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Virtual astronomy: Coronavirus sparks new model for scientific conferences

As the novel coronavirus spreads, forcing people to stay home and upheaving industries, it is sparking a new model for astronomical gatherings — both in the short term, and beyond. And the astronomy community is ready.


Jonathan Lunine

Jonathan Lunine

Professor of the Physical Sciences

Jonathan Lunine, professor of physics and chair of the astronomy department at Cornell University, says most scientific exchanges already happen by teleconferencing and the coronavirus crisis may force a long-term rethinking of scientific gatherings that reduces travel.

Lunine says:

"The biggest direct impact on astronomers is the cancellation of essentially all scientific conferences in the near term and, in some cases, efforts to put future ones online. We may actually see a new model for scientific conferences evolve from this that reduces the number of in-person events, with all of the associated benefits that less travel provides in the long-term.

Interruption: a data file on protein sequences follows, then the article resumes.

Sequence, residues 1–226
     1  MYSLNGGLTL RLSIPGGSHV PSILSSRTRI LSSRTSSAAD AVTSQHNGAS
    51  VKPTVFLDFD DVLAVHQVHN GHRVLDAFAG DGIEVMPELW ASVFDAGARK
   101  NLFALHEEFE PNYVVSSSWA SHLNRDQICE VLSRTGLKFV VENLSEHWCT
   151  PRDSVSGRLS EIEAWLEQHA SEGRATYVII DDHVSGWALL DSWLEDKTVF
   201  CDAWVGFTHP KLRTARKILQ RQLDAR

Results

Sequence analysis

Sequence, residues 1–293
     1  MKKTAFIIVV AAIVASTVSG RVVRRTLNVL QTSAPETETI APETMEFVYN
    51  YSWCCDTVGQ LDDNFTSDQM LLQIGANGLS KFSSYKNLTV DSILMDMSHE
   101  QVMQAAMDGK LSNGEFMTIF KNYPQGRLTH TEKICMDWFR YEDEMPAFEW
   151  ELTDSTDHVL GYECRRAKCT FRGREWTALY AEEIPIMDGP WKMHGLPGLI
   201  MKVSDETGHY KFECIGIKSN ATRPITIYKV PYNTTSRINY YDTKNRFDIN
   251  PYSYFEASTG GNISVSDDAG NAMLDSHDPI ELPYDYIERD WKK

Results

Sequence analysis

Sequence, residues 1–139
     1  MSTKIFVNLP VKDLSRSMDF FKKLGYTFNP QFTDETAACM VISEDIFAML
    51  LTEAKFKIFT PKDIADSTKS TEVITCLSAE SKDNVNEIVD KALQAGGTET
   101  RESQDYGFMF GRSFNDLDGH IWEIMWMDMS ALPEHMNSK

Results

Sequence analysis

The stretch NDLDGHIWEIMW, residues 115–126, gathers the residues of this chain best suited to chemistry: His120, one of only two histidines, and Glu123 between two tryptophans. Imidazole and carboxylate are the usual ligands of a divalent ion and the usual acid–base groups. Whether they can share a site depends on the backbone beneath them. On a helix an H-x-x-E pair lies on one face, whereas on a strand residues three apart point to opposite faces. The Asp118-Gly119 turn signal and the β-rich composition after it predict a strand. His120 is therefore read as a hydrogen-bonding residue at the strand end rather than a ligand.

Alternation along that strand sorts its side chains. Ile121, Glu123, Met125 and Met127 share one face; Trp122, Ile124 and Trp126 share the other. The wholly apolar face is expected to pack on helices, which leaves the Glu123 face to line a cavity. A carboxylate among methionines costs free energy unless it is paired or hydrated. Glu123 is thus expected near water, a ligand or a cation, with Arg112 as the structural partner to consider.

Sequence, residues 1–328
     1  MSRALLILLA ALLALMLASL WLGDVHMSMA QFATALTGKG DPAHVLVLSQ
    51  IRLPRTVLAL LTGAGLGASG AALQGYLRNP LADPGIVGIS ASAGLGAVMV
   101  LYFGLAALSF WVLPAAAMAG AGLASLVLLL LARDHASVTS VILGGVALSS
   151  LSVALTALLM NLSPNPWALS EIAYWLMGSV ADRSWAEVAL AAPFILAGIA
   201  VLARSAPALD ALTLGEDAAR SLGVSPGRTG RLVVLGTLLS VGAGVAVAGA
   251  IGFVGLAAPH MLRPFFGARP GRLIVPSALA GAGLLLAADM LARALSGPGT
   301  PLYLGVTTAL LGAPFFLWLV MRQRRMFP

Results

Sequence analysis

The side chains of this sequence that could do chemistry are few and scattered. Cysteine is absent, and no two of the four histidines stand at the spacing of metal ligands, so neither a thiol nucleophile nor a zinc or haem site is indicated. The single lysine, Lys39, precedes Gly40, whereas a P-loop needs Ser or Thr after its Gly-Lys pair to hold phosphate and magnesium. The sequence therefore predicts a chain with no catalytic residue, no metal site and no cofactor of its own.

“Had we been in this situation 25 years ago, it would have been catastrophic for the exchange of scientific information, but today we do most of our scientific exchanges with our colleagues by teleconferencing. That’s true for science teams on missions as well. And many observatories have gone to remote observing, where a small staff is always on hand but the astronomers who have time allocated for a given observation aren’t onsite for the observations themselves."

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